This week is crash diet week here at The Gloss, so I thought I’d share the one and only time that I successfully lost weight and kept it off, in what was sort of a crash diet/complete rethinking of the way I ate.
When I was 22, I moved to L.A. because I wanted to be an actress (let’s just accept that fact at face value, shall we, since that’s really a whole other post for a whole other theme week). I was about 15 pounds overweight, which is basically obese by Hollywood standards. My life was nevertheless marching along just fine, until, at the age of 24, two things happened: 1. My acting teacher told me that if I didn’t lose weight I would never get cast in anything (I’m assuming that now that I have lost the weight, it’s just a matter of time until I reach unprecedented levels of fame). 2. I went to the doctor, who happened to be narcoleptic (that’s neither here nor there, but you have to admit it lends a certain je ne sais quois to the story), because my lower back was bothering me. Without really running any tests, she put me on the scale, and told me the culprit for my back pain was my weight.
Let me stop here to say that neither of those admonishments is a particularly sound reason to lose weight. We shouldn’t be conforming to other people’s beauty ideals, and honestly, that doctor was probably wrong — it’s doubtful that 15 excess pounds, at age 24, was putting a strain on my back.
But at that phase of your life, if you’re told by people you consider experts that you’re sabotaging your career and your health by being a little on the chubby side, you listen (well, if you’re me, you listen).
From there, I took a good look at what I was eating. As it turned out, my diet was comprised almost entirely of carbohydrates. I basically ate bagels and cereal, with the occasional bowl of pasta thrown in there for gastronomic variety. It occurred to me that if I cut out carbs and replaced them with protein, or even a green thing — any green thing — I would be changing the way I had eaten for my entire life. That, I thought, might result in a weight reduction.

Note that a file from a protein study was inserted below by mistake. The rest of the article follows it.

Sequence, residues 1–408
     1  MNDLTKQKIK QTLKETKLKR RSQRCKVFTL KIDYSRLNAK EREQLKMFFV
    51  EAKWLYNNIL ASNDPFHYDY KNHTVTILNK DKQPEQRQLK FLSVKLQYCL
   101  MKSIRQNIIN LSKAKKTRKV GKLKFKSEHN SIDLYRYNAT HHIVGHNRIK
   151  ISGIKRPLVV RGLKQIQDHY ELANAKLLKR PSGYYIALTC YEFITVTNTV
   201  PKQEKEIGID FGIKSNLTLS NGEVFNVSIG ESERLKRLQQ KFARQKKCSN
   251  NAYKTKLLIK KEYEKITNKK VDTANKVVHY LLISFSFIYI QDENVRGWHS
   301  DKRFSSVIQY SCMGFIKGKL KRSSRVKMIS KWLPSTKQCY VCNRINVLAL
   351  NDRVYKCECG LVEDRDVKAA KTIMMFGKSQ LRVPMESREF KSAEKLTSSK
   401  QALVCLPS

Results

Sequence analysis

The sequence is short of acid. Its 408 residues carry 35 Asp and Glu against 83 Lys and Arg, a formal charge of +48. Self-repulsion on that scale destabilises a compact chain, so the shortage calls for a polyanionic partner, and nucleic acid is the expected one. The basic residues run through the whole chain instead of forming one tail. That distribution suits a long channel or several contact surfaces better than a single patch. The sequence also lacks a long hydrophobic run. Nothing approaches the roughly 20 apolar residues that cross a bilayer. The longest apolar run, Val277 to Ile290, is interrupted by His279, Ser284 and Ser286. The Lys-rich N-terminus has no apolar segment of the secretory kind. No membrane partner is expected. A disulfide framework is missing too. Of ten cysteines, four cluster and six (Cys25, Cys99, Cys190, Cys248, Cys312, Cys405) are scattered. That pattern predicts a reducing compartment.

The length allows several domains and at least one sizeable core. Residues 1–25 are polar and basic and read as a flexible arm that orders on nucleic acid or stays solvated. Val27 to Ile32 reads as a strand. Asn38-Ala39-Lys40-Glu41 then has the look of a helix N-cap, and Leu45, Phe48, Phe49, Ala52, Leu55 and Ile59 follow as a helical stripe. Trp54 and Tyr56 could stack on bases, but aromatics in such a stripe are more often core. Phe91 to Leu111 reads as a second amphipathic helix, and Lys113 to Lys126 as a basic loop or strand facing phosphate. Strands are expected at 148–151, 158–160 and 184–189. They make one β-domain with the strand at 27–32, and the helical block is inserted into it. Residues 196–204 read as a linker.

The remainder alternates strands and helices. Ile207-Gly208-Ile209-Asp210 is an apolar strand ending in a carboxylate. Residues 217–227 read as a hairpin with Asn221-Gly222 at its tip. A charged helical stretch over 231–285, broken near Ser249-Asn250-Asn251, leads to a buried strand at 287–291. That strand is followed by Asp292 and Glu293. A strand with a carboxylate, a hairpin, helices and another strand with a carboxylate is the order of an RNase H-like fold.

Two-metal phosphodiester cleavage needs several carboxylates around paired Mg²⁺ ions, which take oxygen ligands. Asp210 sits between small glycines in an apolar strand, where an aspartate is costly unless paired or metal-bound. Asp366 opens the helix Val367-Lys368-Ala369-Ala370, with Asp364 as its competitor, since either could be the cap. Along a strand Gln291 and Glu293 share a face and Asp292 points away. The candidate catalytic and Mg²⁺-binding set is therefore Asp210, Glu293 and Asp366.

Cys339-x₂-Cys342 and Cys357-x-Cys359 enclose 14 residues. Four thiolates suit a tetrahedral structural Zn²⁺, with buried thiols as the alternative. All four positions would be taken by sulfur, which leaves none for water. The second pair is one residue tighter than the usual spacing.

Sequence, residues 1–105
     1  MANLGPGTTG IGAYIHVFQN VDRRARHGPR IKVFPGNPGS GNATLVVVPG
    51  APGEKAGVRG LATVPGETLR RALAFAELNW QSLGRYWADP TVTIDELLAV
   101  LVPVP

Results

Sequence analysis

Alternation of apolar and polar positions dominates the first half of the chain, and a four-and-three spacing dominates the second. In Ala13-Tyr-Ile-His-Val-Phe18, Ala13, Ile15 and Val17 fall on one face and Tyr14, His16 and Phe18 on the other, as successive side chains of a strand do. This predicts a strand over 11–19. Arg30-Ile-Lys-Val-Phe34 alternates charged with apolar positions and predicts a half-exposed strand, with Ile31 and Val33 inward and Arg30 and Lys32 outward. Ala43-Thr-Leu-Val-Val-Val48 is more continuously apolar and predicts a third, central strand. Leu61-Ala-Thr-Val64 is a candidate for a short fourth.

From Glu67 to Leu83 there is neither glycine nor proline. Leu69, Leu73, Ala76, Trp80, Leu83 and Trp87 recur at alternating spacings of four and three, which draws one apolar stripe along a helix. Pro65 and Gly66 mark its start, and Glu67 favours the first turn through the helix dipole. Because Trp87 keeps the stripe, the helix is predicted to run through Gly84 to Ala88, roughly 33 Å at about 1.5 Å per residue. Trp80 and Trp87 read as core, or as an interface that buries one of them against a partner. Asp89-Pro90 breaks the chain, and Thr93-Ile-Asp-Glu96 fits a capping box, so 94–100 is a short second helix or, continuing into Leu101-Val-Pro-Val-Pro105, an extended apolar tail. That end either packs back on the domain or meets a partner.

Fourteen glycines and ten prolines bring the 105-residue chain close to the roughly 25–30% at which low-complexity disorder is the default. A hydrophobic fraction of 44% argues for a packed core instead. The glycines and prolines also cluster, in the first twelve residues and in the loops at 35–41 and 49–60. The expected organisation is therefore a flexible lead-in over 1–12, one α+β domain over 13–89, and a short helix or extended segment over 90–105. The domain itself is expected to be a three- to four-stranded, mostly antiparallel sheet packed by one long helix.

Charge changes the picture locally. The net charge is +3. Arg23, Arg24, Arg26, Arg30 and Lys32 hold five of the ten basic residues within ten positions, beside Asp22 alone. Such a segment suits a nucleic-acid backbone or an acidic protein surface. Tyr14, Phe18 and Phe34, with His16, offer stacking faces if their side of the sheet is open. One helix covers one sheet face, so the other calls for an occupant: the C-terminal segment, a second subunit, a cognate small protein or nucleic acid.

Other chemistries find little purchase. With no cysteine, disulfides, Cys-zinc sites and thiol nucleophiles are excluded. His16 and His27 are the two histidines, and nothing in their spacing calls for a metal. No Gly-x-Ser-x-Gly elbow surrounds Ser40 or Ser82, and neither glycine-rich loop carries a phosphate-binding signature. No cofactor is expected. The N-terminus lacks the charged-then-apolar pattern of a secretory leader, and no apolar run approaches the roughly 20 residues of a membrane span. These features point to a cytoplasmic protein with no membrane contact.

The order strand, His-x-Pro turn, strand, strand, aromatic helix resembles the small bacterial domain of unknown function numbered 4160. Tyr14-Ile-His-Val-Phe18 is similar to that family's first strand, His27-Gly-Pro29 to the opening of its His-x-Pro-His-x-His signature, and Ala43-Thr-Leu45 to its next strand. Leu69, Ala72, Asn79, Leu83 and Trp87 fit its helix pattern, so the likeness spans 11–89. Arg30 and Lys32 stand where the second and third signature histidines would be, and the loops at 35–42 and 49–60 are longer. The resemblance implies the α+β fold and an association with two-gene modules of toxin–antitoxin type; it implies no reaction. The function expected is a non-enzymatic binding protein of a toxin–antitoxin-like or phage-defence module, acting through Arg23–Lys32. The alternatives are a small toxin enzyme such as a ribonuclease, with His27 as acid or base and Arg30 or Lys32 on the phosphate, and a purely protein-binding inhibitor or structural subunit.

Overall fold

So I did it.
For about a year, I embarked on what I would now call a “crash:” I stopped eating carbs altogether. Nary a cracker passed my lips for twelve whole months. Unsurprisingly, I lost about 20 pounds. I felt great. I looked great. But I was constantly hungry.
No, like, constantly. I was never full. I was rarely even satiated. And I remember the moment that I broke that diet like it was yesterday. It was 2:00 in the morning, and I was on my way home from a bar, and something snapped. I wanted — no, I needed — to eat some Chicken McNuggets. And so I pulled up to a McDonald’s, and I fucking ordered them. And them I fucking ate them. And they were glorious.
Since then, I’ve toned down my carbohydrate restrictions. I eat carbs. I just try to balance them out with things like salad, for instance, and fruit, and eggs, and meat, and every other part of the now-defunct food pyramid. I’ve gained about five pounds back, but otherwise I’ve maintained my weight. Now I’m just waiting for the fame.